As usual this was held at The Bond in Birmingham, and followed the usual structure of a series of presentations by various CRT officers. Whist this information is of interest, and the people-networking is valuable, one can’t help feeling that the approach does not make full use of the large numbers of representatives of the various waterways-related organisations present?
Ian Rogers provided the introduction and then Mike Grimes and his team presented various reports on boating–related matters.
- Denise Yelland reported on enforcement (to be rebadged as “boat licence customer support”) and showed that 95.6% of boats were licenced and 90 boats had been seized for licence evasion. She also noted that over the past year there had been an increase of 400 boats in the London area! About 900 boats had received restricted licences, of which about 24% had then either moved off CRT waters or sold their boat.
- Matthew Symonds went through the recent Boat Owners Survey – this has been well-circulated previously, so no surprise. An important bottom-line though is the decrease in the number of boats being used for leisure purposes whereas there is an increase in the use of boats as prime residences. Matthew also reported on the very extensive collaborative work being undertaken to develop a mooring strategy for London. This should produce a draft strategy by April 2017 with the final report due in December.
- Mike Grimes reported on his frustrations in trying to get Peel Holdings to rethink their recent decisions relating to CRT-licenced boats using the Bridgewater Canal. It seems Peel is simply not willing to listen – but another attempt will be made in October. Mike also mentioned the work being done on online pre-bookable moorings and passages – both of which will be available on the same portal as boat licences.
In the brief discussion which followed, NABO reported that it believes that CRT was not responding publically to the very well-crafted PR strategy produced by the NBTA in relation to the alleged unfairness etc of the CC’ing requirements for boaters with school going children and for pregnant women. The result is a high degree of misinformation is going out without being challenged. Ian Rogers agreed to investigate this.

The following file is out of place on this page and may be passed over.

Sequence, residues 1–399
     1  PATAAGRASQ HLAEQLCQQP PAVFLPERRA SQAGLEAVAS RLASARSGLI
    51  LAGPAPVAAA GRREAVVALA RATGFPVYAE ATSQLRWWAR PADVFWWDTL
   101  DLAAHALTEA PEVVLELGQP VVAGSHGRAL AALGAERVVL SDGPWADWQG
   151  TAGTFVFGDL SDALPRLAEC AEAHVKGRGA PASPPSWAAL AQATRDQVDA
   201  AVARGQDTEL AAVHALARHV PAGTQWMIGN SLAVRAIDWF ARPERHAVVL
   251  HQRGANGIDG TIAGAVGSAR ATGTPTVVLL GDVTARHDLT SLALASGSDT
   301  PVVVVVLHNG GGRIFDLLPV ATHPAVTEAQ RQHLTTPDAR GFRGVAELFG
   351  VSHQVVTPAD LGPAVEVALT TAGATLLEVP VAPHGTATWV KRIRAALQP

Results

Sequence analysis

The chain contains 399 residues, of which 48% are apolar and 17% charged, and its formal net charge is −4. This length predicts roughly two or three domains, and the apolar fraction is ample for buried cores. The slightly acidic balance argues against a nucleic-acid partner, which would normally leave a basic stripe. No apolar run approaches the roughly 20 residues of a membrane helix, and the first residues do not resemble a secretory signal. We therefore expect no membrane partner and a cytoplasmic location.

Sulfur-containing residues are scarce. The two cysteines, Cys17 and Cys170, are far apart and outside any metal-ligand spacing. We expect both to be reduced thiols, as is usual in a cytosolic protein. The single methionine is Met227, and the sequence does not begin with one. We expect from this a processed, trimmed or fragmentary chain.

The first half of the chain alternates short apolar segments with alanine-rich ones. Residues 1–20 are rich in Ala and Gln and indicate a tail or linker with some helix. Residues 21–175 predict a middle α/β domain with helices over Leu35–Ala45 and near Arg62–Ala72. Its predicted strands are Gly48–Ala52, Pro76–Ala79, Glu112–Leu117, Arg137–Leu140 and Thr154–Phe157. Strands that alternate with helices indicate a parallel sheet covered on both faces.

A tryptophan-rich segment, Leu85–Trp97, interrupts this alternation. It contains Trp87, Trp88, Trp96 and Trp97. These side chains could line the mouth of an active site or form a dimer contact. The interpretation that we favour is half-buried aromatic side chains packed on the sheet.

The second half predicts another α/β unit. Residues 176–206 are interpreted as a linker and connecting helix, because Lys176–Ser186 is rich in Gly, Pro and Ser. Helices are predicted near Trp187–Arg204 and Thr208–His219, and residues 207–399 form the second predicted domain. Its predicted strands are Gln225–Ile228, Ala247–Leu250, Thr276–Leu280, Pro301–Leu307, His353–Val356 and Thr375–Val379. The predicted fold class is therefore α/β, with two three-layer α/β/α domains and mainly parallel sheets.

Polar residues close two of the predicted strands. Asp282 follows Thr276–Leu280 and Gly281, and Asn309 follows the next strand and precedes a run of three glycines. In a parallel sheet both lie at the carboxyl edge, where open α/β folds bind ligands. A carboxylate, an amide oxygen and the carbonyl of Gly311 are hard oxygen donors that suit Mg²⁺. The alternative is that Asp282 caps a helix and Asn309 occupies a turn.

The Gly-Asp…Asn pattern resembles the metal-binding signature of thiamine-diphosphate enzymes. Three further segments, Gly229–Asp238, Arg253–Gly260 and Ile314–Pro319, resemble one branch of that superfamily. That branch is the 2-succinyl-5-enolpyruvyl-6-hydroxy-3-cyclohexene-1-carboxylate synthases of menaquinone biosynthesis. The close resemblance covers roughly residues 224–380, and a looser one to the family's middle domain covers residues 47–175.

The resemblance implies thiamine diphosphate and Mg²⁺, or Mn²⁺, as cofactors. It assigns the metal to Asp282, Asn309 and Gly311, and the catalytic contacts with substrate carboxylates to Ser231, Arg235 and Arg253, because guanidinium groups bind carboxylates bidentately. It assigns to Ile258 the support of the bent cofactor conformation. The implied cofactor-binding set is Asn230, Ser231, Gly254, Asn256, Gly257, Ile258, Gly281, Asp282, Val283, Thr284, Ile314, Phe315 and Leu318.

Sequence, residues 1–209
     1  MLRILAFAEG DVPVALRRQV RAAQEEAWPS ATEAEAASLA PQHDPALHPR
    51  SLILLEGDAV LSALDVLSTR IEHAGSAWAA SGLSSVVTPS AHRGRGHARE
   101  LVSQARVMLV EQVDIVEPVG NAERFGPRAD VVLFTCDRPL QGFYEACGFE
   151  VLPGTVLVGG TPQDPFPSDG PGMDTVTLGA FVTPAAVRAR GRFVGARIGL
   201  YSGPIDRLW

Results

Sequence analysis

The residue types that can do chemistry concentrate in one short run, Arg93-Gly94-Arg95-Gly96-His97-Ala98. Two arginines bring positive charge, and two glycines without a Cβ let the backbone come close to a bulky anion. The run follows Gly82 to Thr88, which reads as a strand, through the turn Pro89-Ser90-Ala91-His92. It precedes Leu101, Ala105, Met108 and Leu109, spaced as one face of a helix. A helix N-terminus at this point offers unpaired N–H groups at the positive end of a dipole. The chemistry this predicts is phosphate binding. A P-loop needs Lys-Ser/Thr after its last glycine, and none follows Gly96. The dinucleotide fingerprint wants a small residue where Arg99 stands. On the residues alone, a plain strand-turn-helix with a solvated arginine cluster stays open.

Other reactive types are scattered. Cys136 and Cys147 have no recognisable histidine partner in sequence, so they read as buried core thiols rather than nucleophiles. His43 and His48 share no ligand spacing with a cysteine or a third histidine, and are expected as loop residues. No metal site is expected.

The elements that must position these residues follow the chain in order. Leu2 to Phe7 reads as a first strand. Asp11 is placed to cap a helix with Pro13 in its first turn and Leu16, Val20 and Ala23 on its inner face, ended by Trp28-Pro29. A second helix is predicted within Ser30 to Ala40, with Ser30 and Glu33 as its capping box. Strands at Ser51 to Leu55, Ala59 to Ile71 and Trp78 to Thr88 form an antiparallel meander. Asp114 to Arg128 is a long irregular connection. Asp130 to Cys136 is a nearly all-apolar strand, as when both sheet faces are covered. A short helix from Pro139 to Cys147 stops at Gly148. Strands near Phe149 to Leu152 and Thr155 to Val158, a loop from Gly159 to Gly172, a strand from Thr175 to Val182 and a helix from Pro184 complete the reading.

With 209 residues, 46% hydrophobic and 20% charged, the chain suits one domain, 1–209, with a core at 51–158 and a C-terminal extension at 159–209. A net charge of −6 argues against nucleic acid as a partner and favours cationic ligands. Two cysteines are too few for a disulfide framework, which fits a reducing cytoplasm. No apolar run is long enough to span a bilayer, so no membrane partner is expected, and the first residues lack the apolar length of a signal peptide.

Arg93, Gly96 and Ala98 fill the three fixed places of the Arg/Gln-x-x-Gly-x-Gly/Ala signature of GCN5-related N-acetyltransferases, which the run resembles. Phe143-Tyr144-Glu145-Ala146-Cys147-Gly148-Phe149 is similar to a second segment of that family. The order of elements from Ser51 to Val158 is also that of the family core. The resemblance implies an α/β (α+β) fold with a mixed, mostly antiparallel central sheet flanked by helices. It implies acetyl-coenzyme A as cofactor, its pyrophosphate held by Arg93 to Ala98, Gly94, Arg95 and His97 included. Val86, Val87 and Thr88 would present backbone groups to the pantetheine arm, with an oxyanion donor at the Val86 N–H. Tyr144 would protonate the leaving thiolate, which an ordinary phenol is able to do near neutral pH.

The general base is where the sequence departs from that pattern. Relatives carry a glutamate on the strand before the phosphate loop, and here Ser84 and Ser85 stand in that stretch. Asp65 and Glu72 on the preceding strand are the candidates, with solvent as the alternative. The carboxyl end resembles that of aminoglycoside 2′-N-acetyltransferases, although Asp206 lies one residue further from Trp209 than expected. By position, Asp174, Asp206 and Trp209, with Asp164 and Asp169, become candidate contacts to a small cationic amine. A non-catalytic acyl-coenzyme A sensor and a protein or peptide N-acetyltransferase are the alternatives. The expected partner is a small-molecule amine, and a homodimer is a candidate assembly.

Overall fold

An excellent presentation was then given on CRT’s handing of the winter flooding, illustrating the extent of the damage and how this was dealt with. It was also noted that in many cases local councils and authorities had made major financial contributions to the work and also many volunteers had helped where possible.
Dean Davies reported on the summer and winter stoppage programmes, noting that where possible (double locks, or alternate routes) there had been 17 summer stoppages. In the up-coming winter period, there would be 228 stoppages – up from 170 in the past year, covering 180 locks, 18 bridges etc. Dean noted that the Welsh Assembly has made a large contribution to the major work being undertaken on the Mon & Brec.
Richard Wakelin, a recent addition to the staff with extensive utility asset management experience, reported on the work being done in this vital area, based on internationally recognised best practice. A most professional, long term approach
Finally Richard Parry took an overall look at progress and also mentioned that the work re CRT possibly taking over running EA’s navigations was progressing well and he hoped a decision would be finalised in 3 months’ time.
Overall? As always very interesting but I feel that the format is wrong and the available knowledge of the representative delegates is just not being tapped into?
8th September 2016